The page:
A Year Ago

Written By: Charles - Nov• 19•12

Samhain                                                                    Thanksgiving Moon

one of my favorite days on our cruise…

Follow The Green Sidewalk

Posted on November 19, 2011 by Charles

Spring Moon of the Southern Cross

Montevideo, Uruguay On the banks of the Rio de la Plata, overlooking the Atlantic to the East

Travel brings the unexpected. A primary purpose, of course, but after tours with guides, I had become a bit dulled to the canned formula of the best this and the most that and the very special music. Not saying it was all boring, far from it, but too predictable.

Not today. In Montevideo, a city of which I had no expectations, Kate and I had a wonderful day. After being pressed sideways into the dock, we ended up within walking distance of the old part of Montevideo. At about 10:30 I suggested to Kate that we walk into town, something we could do in only a handful of ports. She agreed.

Our way took us first past two warehouses, both as I described earlier, three stories high with iron doors spaced about 50 feet apart on each story, brick with chipped and rusted concrete outlining the doors and interior bays. The iron doors, once gray now have rust blooms, some just a few, others with the gray vanishingly small.

When we got past these, a painted walkway led us through a port welcome area with guides hawking city tours and a free shuttle to a leather factory. Beyond them a memorial to the sinking of the Graf Spee shared a park-like space with painted anchors and their chains, or sheckles, as we learned from our Captain. Policia Turistica sported chartreuse fluorescent vests and stared off, wherever people stare who face an entire day of standing in roughly the same spot.

Across an intersection a sign said, “Tourists Follow Green Sidewalk.” Guess what that made me want to do? Kate said, “We’re following the green sidewalk.” Oh, ok.

A large boulevard with some cobblestone lanes opened in front of us. The buildings were somewhat dilapidated, like the warehouses, concrete and brick that had seen better days. Or, maybe not. There was a shabby chic to it that appealed to me.

A wandering fellow tourist told us about a market hidden by buildings ahead. We walked over that way. Sure enough there was a large open air market with many different things for sale, many of them tourist oriented, but just as many artisans selling their products.

Off the market area, pedestrian only somewhat like Florida Street in Buenos Aires, a large building held more shops and a number of restaurants each of which featured huge fires and metal grills filled with roasting meat: chicken, sausage, beef tenderloin, pork, lamb. Each restaurant had an awning with its name around four sides of an island that contained the fire, the roasting meat, a bar and an area for washing dishes. Tables and chairs flanked the islands in the open area created by the building, fans turning, cooling the diners.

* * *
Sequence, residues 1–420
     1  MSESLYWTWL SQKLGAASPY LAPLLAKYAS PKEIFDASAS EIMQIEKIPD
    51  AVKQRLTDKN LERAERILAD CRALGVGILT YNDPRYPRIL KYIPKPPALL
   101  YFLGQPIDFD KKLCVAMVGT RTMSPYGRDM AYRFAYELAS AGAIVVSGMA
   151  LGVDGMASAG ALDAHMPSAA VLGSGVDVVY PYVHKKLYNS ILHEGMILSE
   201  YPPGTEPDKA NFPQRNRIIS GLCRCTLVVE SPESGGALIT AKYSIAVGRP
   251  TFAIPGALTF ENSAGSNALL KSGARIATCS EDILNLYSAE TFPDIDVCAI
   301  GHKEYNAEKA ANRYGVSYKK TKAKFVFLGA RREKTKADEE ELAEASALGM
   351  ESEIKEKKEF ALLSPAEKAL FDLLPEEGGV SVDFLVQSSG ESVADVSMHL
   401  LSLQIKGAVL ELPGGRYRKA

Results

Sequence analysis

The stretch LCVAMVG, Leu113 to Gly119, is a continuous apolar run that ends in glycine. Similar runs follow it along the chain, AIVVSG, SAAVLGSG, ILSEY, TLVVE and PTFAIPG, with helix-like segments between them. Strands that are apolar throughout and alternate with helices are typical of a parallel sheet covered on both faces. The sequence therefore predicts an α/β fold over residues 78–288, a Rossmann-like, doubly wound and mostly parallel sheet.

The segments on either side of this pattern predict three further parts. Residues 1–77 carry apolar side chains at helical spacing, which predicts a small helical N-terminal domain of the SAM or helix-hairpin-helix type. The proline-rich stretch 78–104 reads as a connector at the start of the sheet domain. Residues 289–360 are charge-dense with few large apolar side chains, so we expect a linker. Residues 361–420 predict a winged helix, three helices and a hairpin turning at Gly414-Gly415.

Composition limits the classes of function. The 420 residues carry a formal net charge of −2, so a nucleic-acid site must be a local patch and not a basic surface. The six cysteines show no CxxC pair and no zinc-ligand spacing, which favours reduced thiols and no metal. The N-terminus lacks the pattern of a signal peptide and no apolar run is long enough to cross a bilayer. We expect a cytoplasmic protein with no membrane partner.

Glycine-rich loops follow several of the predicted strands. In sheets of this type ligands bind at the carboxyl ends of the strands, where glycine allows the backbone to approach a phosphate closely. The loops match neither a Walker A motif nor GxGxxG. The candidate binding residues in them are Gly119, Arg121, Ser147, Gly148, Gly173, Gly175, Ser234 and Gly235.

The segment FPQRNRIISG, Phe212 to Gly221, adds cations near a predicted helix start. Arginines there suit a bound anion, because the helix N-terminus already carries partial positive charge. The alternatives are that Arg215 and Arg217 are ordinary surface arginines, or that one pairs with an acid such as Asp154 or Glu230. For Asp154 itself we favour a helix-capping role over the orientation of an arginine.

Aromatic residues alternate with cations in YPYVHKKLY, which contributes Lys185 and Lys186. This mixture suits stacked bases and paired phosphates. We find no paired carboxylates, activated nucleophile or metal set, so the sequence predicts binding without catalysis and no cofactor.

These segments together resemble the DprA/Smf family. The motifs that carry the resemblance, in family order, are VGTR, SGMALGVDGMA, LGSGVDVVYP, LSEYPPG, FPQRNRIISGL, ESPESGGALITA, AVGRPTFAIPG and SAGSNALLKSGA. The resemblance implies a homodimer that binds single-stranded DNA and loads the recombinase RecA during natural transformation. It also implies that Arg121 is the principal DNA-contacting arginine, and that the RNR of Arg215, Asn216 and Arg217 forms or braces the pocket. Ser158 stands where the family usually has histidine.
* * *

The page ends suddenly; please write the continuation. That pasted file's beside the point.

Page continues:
When we firsts went through, tables were set and glasses sparkled. The smells of roasting meat had only begun to fill the room.

We looked in several shops, but continued up another, older pedestrian way with a slight incline. This had a few tourists shops, too, but began to sport a carneteria here, a fruit and vegetable market with their wares colorfully displayed in wooden crates on the sidewalk there, a bar named “Los Beatles” and a petfood store.

The buildings have a colonial look, similar to the older part of Panama City that we saw well over a month ago, balconies, molded cornices, plaster decorations. A few of the buildings had pastel colors, recently added.

Like the warehouses and the building across from the green tourist sidewalk these buildings had a shabby but not run down look to them, more like a neighborhood in which people really lived. As the mid-day heat had begun to settle on us, Kate started talking about air conditioning. About 45 minutes before that, I told her I’d give my 12:30 tour a pass to meander around Montevideo with her.

We walked back down the hill toward the large building with the restaurants.

Inside we walked past several folks hawking their restaurants, “Sir, a refreshing drink?” “Some lunch, mister?” and found a table underneath a fan at the Cafe Veronica.

The waiter welcomed us to Montevideo and to Uruguay with a genuine and warm greeting. When Kate got up to take a quick picture of the fire, another waiter came up and encourage her to go inside the kitchen to take her picture. After some insisting, she did. We had a meal that exceeded our expectations and a dessert, pancakes con leche that would bring me back to Cafe Veronica in a hurry if it weren’t so damned far away.

This was the kind of day I’d been missing, a day of just poking around, meeting some folks, sticking our heads into various places, seeing the layout for ourselves, discovering rather than being led.

We had a great day together then came back and took a nap.

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